As your children get older, even interest earning will have its limitations, because it won't teach them to budget for themselves. The best way to do that is to give them an allowance and make them learn to use it wisely. Generally speaking, this is appropriate for teenage children and is most often used to pay for things which, up until now, you have been paying for. Well, you still are, of course, but they're making the decisions now.
Clothing is one of the most common forms of allowance. You assess how much you spend on clothing your children, and give them the money to spend on clothes as they wish. This is a great way to teach your children to look after their own money, and can be used as they get older for all sorts of other things than clothes– music, cell phone, going out, movies– in fact most things that they want and you're paying for at present.
There are a few things you need to take into account here (or should I say "make allowances" for?):
- You and your child need to be absolutely clear what the allowance covers. Are they supposed to pay for their own school uniform, sports gear, ballet outfit, and so on, or just leisure clothes?
- If you want to make any restrictions, agree on them clearly in advance with your child; for example, the clothing allowance can't be spent on low-cut tops, or the going out allowance can't be used for alcohol. Think these through carefully before you set up the system, or you'll rightly have an argument on your hands if you try to impose new conditions later.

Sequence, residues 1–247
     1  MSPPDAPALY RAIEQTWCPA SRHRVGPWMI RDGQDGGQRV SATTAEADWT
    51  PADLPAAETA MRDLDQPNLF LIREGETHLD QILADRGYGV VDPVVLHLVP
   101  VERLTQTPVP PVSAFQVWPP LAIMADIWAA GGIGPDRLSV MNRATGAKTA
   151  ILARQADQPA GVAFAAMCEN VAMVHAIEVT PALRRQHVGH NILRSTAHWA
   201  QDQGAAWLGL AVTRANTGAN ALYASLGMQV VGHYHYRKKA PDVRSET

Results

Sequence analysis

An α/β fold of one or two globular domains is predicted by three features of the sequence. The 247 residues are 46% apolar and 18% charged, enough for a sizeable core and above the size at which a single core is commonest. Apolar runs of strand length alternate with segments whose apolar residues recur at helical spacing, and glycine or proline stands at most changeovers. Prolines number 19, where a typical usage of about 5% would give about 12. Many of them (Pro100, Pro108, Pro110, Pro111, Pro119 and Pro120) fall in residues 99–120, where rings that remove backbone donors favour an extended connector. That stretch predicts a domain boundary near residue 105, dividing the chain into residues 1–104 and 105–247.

- Agree as to what happens if there's allowance leftover. Is your daughter allowed to spend less on clothes in order to go overboard with a cell phone bill? Generally speaking, this ought to be fine as she's learning to prioritize her own money, but you might want to agree on specific items of clothing she must buy, or a maximum amount of time spent on the phone (good luck with that one).
- Your child is going to take a while to learn how to budget, and will need your help. You can't just hand the money over and be done with it. To start with, make the allowances little and often. If you give your 15-year-old daughter a year's clothing allowance in April, she'll probably freeze next winter with no money left to buy anything warm. Give her a quarterly allowance and talk through with her what she thinks she'll need to buy. As she gets older you maybe able to extend this to six-monthly or yearly. And maybe you can go shopping with her the first couple of times. An allowance for your child's cell phone might start off being monthly, and again you can talk through with your children how they'll make it last.
- If they run out of money through bad management and you bail them out, they'll learn nothing. So don't bail them out if you can possibly help it. If you have to, make sure it's something they won't want to happen again. For example, if your daughter is freezing come November and has no money left, buy her a cheap, clean, serviceable but not very fashionable secondhand coat from a charity shop. She won't let that happen again.